Entrepreneurs have to answer a lot of questions. It comes with the territory. Some, like “how much money are you going to need?” are quite welcome. Others are sure signs of trouble for startups.
If you can recognize certain questions as the warning signals they are, you’ll save yourself a lot of trouble and dramatically improve your odds of success. If you never hear these questions, you’re going to do well!
Let’s assume, for a minute, that you have a legitimate idea for a great new product or a startup…
There’s an obvious problem that you can solve for a large population of people. You have some kind of authentic differentiation — a secret sauce of some kind. And you can realistically build an operation that delivers on your promise.
If you’re going to build your big idea into a successful business you need a thick skin, a fat wallet and a sharp ear for signs of trouble. Below are the two most troubling questions that you need to watch out for. Avoid these questions like the plague.
So here are the two questions that are sure signs of trouble for startups:
1. “What’s that name again?”
If you hear anything like this, beware! It’s a sure sign that your brand identity is not communicating clearly.
I’ve seen this many times. An entrepreneur will be deep into a sales pitch, explaining in mind-numbing detail all the reasons why they’re going to “absolutely kill it,” when someone looks up and asks, “What’s that name again?”
They didn’t catch it the first time. Or the second time. Or the third. They’re looking at the name on the screen, and still for whatever reason, it does not stick. Not even for five minutes.
That’s a bad sign.
If your brand name is not memorable and unique you’ll be constantly paddling upstream. Everything you do from a marketing, branding and sales standpoint will be harder than it needs to be.
One of the keys to memorability is sound. Your brand name can’t just look good, it has to sound good too.
In the human brain echoic memory is much more powerful than iconic (visual) memory. That’s why eye witness testimony is notoriously unreliable in court. And why we can remember all those dumb jingles from our childhoods, like this straight product description for the Big Mac:
It’s how those ingredients sound when all run together that made that campaign so memorable.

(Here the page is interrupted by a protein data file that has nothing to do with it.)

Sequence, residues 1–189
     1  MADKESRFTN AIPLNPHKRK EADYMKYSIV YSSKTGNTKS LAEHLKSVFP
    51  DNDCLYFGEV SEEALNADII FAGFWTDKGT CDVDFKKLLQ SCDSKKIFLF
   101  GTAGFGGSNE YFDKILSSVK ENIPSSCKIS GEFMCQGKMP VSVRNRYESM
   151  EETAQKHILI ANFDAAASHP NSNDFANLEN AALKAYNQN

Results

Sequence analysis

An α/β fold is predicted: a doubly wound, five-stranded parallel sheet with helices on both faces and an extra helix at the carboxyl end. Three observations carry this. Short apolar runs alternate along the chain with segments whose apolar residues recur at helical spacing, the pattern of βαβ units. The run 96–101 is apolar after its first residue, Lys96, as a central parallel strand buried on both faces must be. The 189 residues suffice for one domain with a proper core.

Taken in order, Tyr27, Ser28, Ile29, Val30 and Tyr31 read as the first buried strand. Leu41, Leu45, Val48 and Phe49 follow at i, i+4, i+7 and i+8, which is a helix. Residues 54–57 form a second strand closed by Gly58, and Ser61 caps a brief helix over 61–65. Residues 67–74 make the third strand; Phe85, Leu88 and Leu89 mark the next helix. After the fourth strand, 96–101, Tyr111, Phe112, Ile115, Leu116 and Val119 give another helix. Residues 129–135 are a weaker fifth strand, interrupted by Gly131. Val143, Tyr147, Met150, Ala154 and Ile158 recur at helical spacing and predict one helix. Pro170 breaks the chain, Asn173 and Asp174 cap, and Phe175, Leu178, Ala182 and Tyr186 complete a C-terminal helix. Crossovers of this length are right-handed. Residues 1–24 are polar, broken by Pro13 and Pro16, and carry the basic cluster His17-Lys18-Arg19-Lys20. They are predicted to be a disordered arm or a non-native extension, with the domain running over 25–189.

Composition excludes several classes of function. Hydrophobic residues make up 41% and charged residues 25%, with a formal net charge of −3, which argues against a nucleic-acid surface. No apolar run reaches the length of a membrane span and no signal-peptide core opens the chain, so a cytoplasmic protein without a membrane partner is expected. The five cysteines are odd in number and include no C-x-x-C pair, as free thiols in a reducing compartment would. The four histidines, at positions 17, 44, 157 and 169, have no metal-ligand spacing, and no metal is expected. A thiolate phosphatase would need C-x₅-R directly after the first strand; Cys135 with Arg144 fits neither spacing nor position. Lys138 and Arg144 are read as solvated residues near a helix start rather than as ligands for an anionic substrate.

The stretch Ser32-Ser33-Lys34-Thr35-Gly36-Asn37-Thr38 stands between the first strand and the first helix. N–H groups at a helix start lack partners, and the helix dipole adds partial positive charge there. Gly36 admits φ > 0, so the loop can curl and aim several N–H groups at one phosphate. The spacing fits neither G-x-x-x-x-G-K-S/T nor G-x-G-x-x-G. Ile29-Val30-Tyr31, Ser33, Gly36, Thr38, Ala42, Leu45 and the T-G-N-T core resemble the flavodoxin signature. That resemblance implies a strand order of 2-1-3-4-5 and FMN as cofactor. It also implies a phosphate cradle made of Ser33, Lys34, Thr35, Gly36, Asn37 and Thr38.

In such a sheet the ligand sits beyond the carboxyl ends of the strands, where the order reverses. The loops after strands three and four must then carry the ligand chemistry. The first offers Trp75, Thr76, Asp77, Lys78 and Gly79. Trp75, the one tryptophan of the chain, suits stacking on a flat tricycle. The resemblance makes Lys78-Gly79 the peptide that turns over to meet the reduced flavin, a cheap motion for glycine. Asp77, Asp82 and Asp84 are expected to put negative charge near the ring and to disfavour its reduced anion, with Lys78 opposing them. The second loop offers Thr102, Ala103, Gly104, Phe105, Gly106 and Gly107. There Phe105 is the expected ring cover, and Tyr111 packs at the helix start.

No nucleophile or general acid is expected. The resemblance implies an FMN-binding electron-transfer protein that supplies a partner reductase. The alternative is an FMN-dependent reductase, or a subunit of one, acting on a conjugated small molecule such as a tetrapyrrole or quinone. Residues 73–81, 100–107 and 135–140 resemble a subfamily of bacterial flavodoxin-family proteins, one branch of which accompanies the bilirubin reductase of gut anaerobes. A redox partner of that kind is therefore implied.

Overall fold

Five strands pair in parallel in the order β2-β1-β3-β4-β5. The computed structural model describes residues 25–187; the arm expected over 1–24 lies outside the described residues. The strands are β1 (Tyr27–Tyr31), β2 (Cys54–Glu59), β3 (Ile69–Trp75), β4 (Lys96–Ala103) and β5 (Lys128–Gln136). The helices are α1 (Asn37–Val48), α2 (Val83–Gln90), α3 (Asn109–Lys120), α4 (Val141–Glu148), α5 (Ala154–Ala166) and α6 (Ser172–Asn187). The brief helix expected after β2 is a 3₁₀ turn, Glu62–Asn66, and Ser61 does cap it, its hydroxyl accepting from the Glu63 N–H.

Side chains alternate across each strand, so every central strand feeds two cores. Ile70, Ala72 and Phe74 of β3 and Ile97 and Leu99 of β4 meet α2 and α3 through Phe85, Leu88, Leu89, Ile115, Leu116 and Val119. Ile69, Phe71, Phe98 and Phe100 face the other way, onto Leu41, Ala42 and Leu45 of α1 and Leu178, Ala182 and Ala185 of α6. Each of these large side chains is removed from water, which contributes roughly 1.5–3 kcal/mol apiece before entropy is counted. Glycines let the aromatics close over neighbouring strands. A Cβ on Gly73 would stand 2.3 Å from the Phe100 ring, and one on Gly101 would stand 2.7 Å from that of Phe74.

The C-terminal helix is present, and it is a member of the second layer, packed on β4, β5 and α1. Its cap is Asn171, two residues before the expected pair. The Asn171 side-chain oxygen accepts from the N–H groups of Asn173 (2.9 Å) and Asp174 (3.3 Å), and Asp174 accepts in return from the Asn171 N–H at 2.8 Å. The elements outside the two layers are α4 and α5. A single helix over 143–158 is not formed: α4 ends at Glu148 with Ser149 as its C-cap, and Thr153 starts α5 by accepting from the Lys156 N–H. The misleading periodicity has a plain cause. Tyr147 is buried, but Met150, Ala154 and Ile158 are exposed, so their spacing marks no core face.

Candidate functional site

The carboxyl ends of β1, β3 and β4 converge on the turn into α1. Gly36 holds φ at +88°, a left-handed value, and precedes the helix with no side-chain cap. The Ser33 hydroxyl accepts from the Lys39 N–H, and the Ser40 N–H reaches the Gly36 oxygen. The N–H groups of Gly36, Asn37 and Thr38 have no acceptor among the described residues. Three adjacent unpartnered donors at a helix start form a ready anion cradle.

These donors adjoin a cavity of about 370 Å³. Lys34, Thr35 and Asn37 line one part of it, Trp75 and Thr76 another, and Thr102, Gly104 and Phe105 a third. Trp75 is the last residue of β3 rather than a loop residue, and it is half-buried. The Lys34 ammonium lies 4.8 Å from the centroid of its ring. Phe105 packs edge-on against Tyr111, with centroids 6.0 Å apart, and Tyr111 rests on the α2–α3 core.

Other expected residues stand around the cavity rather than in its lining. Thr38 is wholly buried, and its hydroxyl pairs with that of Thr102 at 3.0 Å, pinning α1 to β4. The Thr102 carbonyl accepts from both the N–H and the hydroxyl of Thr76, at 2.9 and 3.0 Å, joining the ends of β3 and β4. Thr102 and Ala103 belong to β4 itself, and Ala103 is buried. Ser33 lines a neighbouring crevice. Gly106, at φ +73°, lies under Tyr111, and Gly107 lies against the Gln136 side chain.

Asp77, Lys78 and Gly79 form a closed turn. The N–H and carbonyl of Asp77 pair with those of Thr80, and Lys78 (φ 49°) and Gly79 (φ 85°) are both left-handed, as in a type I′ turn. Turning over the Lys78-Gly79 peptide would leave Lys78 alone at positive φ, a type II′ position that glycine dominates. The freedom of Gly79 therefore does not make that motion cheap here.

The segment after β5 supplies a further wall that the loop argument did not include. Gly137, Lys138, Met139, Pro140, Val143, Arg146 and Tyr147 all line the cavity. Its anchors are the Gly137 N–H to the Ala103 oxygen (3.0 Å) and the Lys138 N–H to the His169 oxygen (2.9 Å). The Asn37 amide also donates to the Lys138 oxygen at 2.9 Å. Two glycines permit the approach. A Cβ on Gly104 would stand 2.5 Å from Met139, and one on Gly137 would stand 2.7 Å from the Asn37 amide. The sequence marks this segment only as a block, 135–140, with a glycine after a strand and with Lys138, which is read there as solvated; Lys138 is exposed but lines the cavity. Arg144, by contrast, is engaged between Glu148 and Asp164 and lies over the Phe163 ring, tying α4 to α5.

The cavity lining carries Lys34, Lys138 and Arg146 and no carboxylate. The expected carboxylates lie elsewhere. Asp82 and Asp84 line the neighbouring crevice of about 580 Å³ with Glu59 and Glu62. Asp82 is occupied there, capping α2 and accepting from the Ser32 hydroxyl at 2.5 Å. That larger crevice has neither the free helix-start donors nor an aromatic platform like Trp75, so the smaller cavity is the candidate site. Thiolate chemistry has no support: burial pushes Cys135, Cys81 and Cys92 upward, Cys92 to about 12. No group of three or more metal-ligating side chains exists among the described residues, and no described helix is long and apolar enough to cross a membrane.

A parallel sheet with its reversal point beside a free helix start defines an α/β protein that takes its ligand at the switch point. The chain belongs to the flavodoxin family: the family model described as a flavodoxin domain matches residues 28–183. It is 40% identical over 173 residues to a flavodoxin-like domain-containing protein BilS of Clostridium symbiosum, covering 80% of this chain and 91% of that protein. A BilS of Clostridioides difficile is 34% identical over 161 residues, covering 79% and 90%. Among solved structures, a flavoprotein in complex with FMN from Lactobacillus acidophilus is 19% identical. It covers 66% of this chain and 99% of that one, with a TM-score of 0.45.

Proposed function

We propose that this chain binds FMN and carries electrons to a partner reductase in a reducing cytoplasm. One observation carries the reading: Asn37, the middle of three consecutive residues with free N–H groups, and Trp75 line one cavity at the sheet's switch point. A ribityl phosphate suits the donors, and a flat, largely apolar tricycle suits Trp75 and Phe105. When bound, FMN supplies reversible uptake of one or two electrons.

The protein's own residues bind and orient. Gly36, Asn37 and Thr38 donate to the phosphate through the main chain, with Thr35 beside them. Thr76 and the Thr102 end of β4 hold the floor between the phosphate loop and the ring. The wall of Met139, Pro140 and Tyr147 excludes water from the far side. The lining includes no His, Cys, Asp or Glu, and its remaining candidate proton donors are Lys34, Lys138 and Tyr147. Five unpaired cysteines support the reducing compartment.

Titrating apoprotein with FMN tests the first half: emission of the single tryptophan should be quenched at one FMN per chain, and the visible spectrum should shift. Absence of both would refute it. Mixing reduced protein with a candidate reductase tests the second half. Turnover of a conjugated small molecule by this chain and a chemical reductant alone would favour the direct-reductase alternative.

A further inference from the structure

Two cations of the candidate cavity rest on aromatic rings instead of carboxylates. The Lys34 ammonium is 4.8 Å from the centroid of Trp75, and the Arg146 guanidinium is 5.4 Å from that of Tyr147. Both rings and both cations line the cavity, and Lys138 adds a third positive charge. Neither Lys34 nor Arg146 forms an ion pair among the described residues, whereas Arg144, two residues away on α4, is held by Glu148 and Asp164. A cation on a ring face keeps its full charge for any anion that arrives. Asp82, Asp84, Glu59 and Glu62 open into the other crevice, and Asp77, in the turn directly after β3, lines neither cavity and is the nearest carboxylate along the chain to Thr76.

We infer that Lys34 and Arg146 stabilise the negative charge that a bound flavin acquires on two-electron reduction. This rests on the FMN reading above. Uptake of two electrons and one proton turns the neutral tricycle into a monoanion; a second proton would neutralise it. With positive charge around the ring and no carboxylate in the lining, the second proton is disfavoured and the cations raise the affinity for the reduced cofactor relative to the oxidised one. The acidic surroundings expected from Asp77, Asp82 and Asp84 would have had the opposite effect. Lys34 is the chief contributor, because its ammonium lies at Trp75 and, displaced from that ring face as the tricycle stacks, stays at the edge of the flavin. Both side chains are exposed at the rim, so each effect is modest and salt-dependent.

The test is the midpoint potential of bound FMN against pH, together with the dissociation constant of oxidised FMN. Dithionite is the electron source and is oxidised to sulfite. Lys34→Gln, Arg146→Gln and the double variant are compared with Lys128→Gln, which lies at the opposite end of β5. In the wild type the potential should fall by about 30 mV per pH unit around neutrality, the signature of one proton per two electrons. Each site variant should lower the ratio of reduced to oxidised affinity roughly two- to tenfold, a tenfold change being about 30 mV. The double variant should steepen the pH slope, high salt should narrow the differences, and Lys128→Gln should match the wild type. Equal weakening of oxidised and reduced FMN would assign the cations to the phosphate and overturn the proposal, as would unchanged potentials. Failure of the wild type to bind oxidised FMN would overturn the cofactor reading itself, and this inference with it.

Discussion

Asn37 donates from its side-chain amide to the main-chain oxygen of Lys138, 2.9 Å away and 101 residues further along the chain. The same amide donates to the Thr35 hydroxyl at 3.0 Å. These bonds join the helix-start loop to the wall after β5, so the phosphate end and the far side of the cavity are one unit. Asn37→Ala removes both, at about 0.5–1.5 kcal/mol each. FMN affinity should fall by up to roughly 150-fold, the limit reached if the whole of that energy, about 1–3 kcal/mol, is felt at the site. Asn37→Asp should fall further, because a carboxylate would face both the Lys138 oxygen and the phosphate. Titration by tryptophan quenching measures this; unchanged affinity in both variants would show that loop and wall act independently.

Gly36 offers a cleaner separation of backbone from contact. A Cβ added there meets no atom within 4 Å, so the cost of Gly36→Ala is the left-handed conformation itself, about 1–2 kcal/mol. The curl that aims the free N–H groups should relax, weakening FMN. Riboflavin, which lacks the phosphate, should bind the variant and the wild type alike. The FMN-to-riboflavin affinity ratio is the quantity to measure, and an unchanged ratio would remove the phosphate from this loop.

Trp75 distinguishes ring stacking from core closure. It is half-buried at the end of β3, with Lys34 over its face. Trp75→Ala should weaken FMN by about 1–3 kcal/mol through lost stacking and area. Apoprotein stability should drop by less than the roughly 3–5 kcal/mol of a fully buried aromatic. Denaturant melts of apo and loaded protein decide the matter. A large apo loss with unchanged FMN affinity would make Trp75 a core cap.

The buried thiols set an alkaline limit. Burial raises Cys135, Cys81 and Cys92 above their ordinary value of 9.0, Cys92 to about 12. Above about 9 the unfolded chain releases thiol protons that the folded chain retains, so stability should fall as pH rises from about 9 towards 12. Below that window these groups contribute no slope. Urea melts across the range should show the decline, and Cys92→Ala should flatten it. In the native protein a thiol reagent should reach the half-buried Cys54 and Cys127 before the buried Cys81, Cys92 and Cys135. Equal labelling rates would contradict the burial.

So the sound of the word should be one of the main criteria when you’re choosing a brand name. If your current name isn’t sticking, it’s probably because it doesn’t sound right.
If it’s in one ear and out the other, change it now!
It’s better to rebrand early than to fight it for years. A bad sounding brand name will drag you down like a 10 ton anchor on a 20 foot boat.
If you need help sounding out a new name, start by reading my new book. It’s a great shortcut.
(Shameless plug: If you’re going to read a book about how to name a company, choose the one with the best name! Duh. It also includes a simple, effective methodology for being more objective in your naming decision.)
2. Wait… What is it that you do?
This is another other common question that’s a sure sign of trouble for startups, entrepreneurs and even well-established companies. If you’re giving a sales pitch or making small talk at a networking event, you should not have to repeat yourself on this.
I hear pitches all the time that are totally unclear and confusing. They are based on baseless assumptions and broad generalities… That I understand the technology behind their great new service, that I fit into their elaborate targeting algorithm, that people actually give a shit about what they’re trying to sell.
You know what they say about assumptions…
Your value proposition and your elevator pitch are the crux of your brand strategy. They need to be methodically researched, perfectly positioned, and articulated very clearly. It takes time to accomplish that. It’s not something that you can just crank out in a Zoom call of brainstorming.
It needs to be written, re-written, polished, tested and re-tested in various forms, both written and verbal.
The goal is absolute, bullet-proof clarity, with a touch of curiosity built in. That way, people understand, AND they want to learn more.
Frankly, very few businesses achieve that.
Even big companies that have been in business for years struggle to articulate the gist of their business. It’s the root cause of many marketing issues. Nike fumbled around with their messaging for 20 years, until “Just Do It” came along.
Call BN Branding and we can help you get more clear, so you’ll never hear those two pesky questions. We can walk you through the brand strategy process that leads to a successful naming process that will help you avoid those signs of trouble for startups.